# Message exchange with textbook RSA

I am working on this exercise but can't work out the answer to the question b. I have solved the question (a) by decrypting the ciphertext $C = 2$ using the formula: $$M = C^d \bmod n = 2^{17} \bmod 21 = 11$$

Alice and Bob agree to communicate using the RSA cryptosystem. Alice has a private key ($n = 21$, $d = 17$) and a public key ($n = 21$, $e = 5$).

• (a) Alice receives the ciphertext $C =$2 from Bob. Decrypt this message, show your working.

• (b) Bob wishes to ensure that he sent the ciphertext to Alice. Bob sends Alice the plaintext message $M = 9$, what message should Alice send back?

• (c) Perform the calculation Bob would do to verify this returned message.

What do you guys think?

Basically $M = 9$ is a challenge. Alice will have to sign it (compute $M^d \pmod {21})$, because only she knows $d$. As $(M^e)^d = (M^d)^e = M \pmod{21}$, it should be clear what Bob should do to verify that the reply indeed equals $M^d$, which only Alice could have produced...

You are looking for digital signatures using RSA. Have a look at this question. It will help you understand the parts a) and b) of your exercise.

Henno Brandsma's answer, properly implemented, should get high marks. But in my opinion this exercise is poor (which answers the question as worded), for many reasons:

• If Bob and Alice do as in (b), that can't be a way for Bob " to ensure that he sent the cyphertext to Alice "; Bob could as well have been sending the message to Eve in (a), and/or be sending the challenge of (b) to Eve who will relay to Alice to pass the test. The best (b) could aim to achieve is that Alice is participating to (b); that's if we had been using much larger numbers.
• If Alice does as suggested in (b), she compromises the security of what is done in (a); for example Eve that really received the cryptogram with value 2 in (a) could send it to Alice in the context of (b), and obtain from Alice the very plaintext message Bob has wished to privately send to Alice in (a). Add that Eve can send any message to Alice the way Bob does in (a), and we have a total security failure: Eve knows what Bob tried to secretely say to Alice, Bob wrongly believes it reached Alice, but something Eve forged reached Alice.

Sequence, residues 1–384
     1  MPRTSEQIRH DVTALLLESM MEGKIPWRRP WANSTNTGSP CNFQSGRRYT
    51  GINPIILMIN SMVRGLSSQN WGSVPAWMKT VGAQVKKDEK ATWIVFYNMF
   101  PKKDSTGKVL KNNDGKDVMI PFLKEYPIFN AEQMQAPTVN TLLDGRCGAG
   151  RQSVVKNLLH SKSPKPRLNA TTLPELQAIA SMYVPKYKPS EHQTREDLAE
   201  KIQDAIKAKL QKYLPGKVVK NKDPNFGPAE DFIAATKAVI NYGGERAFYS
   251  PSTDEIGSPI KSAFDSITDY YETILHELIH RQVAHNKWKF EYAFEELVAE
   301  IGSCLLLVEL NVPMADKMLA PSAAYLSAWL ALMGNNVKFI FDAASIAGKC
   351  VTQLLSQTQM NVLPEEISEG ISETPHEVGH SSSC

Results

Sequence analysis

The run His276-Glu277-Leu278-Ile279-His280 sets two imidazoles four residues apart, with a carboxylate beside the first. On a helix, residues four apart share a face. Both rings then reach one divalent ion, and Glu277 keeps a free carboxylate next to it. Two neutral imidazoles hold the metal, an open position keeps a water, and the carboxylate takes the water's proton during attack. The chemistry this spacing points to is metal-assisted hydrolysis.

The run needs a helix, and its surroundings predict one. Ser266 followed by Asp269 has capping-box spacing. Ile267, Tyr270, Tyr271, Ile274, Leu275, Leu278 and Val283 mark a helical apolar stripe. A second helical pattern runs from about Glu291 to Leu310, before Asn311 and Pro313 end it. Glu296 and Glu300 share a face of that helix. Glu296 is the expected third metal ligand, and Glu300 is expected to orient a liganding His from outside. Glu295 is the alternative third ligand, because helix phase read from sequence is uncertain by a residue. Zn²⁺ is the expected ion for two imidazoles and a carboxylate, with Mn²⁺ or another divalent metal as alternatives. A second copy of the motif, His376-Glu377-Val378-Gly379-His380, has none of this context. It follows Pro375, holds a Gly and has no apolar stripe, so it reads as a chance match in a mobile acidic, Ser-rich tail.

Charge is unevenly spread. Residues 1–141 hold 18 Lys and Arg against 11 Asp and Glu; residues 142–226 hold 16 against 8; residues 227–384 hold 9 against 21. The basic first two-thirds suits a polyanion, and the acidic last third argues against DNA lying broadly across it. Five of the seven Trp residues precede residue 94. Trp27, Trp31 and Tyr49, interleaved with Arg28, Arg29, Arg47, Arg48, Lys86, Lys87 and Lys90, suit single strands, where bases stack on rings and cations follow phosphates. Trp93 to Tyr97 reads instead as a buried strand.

• (b) is a challenge-response protocol, and using " plaintext message " for what amounts to a challenge is misleading.
• The exercise is worded as if that was RSA encryption or authentication save for the small numbers; that's not, for modern definitions of asymmetric encryption or authentication, for it is missing the critical notion of padding.
• The exercise is about the different roles of the public-key and private-key in encryption (a), and authentication (b and c); but the numerical example is such that the public key and private key perform exactly the same thing!
Notice that $d=17$ is not the sole private exponent; $d$ is one representative of the class of private exponents, these are defined modulo $\lambda(N)=\operatorname{lcm}(3-1,7-1)=6$, thus $d=5$ or $d=11$ are as good as $d=17$ is (and easier to work with on top of that).
The choice of $d=17$ might have been intentional (so that using $d$ where $e$ is required, or vice-versa, does not show on the result, but can be caught by looking at what's done); I fail to see how such trickery could be pedagogical.
• I agree, but it's just a conceptual exercise, I suppose. It might be part of some algebra course without crypto focus, e.g., so padding, replay attacks etc. are not relevant, but just the application of some algebra theory that was just treated, e.g. I didn;t want to get things in that the OP wouldn't know about. Dec 12 '15 at 15:54

Alice should send back an encrypted message generated from the plaintext Bob sent to her ($M = 9$) using the decrypted message Bob sent earlier ($11$) as the $e$ key.
$$C = M^e \bmod{n} = 9^{11} \bmod{21} = 31381059609 \bmod{21} = 18$$